The Abu Dhabi royal family may be handing over bigger cheques in the next week or so, but none will be any more gratefully received than the £220,000 which Paul Casey picked up here yesterday. The typically grandiose Falcon Trophy was the Englishman's first title since he won this same tournament two years ago but he so nearly threw it away in a torrid finale. Standing on the 11th tee, Casey was six clear. Standing on the 16th tee, he was one clear. In the intervening hour, he had been transformed from a figure marching along like Lawrence of Arabia to one stumbling in the desert like Stan Laurel. When he tapped in for his fifth birdie of the afternoon on the 10th, Casey had dropped just two shots in 65 holes. Three went in the next four. And when he three-putted from six feet on the 13th the collapse was very much on.
Fortunately for all the expats in attendance, and indeed for anyone with a nervous disposition, this golfer with all the talent but not yet the résumé to match, managed to steady himself sufficiently over those final three holes for a 70 to record a one-shot win from Louis Oosthuizen and the defending champion Martin Kaymer. It was the first-named of these rivals who added most of the tingle to the proceedings and the South African will surely long wonder how a final-round 64 for a 20-under total was not good enough on a course measuring 7,500 yards. The answer was because of Casey's excellence all week, as well as a tip the 31-year-old picked up from Trevor Immelman at an eve-of-event dinner
Casey admitted he did not know his lead was so slender when he peered down the 16th fairway. "It would have been scary if I had," he said. Indeed, it would very likely have been calamitous. Casey has previous when it comes to withering in the heat of battle. To Anthony Wall he even has something of a problem. "I always feel that Paul Casey will fritter shots," said the Londoner, who finished fourth. "He always seems to like to give people a chance going down the last nine. I don't know if he switches off because he is five or six ahead. It shouldn't happen but it does seem to. Regularly." Fair? Probably, but it's never advisable to criticise a fellow professional, no matter how damning the evidence.
At the 2004 Wales Open, Casey was four ahead with seven remaining and lost to Simon Khan, while at the 2006 British Masters he was again four clear of the eventual winner, Johan Edfors, with eight left. More recently he was within one of Immelman's lead at Augusta last year after three holes on the last day and then dropped six in the next five holes. On each occasion Casey had continually looked up at the leader board and seen his week going up in Sunday smoke. Thanks to Immelman, this time around he did not dare look. "Trevor mentioned when he was up on stage that he had not looked up at the scoreboards at Augusta and that he had not asked his caddie how far he was ahead until he was walking towards the green on the 18th," said Casey. "His caddie told him he was three clear. That must be a great feeling. I took a leaf out of a major champion's book."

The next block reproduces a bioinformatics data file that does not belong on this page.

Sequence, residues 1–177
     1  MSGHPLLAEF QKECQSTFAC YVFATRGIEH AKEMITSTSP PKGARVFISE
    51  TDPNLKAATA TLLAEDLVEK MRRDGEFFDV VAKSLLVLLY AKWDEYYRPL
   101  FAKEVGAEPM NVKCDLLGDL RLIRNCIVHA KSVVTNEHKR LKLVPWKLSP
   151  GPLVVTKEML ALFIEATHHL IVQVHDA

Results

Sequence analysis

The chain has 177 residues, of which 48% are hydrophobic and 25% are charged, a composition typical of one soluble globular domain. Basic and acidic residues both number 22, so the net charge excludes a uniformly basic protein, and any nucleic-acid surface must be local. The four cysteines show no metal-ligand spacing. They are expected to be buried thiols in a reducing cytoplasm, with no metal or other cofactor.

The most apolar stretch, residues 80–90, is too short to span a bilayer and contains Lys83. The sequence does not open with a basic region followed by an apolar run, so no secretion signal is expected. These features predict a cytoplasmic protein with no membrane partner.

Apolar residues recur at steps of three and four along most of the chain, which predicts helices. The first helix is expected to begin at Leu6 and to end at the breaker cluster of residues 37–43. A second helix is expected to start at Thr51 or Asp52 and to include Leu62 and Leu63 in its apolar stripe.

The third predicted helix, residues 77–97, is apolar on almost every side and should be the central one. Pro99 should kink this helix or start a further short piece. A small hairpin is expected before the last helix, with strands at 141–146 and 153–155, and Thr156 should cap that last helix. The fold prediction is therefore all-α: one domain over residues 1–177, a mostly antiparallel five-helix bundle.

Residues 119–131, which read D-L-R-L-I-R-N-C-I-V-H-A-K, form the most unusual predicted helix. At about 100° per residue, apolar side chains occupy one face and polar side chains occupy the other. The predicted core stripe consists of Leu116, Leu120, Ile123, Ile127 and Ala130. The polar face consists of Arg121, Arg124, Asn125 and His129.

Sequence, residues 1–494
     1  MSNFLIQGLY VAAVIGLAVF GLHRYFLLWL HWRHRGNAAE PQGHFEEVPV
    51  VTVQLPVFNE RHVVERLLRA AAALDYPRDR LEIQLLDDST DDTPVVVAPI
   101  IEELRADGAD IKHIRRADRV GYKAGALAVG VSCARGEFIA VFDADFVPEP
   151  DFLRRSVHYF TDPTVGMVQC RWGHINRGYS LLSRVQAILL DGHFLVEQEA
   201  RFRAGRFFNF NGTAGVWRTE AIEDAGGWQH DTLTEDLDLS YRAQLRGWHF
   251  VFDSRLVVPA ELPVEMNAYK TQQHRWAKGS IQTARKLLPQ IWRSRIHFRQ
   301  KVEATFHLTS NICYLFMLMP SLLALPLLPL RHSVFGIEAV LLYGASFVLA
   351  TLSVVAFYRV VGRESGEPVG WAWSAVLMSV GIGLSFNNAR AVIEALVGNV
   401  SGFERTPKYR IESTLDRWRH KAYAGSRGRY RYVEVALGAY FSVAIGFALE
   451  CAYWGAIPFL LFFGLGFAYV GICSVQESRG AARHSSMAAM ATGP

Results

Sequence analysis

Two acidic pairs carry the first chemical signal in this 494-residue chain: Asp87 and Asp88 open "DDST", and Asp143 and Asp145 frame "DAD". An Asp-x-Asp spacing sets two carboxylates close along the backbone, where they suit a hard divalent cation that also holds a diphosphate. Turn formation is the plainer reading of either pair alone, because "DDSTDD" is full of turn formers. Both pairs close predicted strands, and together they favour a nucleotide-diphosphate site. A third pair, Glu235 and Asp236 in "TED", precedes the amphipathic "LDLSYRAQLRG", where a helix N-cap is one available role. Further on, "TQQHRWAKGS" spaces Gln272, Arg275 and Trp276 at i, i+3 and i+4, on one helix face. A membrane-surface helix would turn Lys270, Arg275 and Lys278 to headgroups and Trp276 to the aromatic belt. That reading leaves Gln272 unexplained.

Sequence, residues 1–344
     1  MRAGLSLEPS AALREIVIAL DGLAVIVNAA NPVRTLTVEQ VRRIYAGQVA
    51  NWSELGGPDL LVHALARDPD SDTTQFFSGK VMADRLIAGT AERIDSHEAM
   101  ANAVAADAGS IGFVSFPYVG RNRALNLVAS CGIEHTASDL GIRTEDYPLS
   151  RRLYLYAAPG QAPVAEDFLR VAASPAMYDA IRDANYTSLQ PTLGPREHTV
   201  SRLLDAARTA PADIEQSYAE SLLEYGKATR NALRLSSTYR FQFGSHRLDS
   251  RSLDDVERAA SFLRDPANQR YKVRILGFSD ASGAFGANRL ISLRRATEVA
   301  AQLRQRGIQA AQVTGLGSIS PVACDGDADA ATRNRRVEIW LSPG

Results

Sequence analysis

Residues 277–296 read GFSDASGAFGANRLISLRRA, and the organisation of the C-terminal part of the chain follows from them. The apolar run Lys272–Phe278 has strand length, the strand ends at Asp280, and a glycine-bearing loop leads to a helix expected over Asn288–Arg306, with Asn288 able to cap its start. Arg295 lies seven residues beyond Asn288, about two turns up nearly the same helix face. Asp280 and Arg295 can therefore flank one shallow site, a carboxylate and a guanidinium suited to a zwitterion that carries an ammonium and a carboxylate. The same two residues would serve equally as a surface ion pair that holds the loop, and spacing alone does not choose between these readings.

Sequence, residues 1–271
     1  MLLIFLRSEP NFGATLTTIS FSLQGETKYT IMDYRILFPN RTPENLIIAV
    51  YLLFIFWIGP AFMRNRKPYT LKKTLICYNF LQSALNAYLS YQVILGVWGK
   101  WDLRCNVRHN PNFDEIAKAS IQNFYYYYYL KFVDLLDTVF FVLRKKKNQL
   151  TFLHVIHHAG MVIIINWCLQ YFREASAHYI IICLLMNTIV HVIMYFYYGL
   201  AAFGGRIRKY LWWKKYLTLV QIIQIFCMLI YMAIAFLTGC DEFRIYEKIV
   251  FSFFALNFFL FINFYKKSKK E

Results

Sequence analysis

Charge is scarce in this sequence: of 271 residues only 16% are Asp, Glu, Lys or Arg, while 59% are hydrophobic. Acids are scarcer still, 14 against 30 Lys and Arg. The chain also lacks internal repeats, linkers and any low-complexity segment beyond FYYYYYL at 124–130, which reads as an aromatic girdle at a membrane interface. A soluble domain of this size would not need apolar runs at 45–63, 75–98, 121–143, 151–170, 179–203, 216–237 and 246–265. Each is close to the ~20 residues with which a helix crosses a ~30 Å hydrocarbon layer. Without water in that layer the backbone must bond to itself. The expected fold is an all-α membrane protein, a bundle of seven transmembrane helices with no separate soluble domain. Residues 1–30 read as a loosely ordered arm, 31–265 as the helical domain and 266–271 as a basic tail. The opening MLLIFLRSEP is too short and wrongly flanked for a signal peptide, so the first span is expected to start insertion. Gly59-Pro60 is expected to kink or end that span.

There have been other alterations, too, that helped to claim, as he put it, "the most satisfying of my nine wins so far". For starters, Casey was married at the beginning of December. "It shows marriage is clearly good for me," he laughed. Then there was the winning mentality. "I'm now approaching each event with equal importance," he said. "Maybe, the last two years I've focused too much on the majors." Casey has borrowed this particular mindset from Tiger Woods.
Of course, Casey has an awful long way to go before any emulation of Woods becomes replication, but at least he is now back on the brink of the world's top 20 having laboured perilously close to that all-important 50 mark. "It's great to be going back in the right direction," he said.
Also rapidly heading towards the elite is Rory McIlroy. A final-round 65 by the 19-year-old gave him his third top-five finish out of his last four tournaments. McIlroy is up to the mid-30s in the rankings and making staggering progress.
Colin Montgomerie was back in the pack on eight-under, which was no disastrous start to the year considering his dire 2008. Afterwards, the Scot refused to discuss Casey, a player he has spoken of with admiration. Apparently, Monty thought it would not be appropriate for him to talk about other players. Further indication that his appointment as the next Ryder Cup captain is just nine days away.Reuse content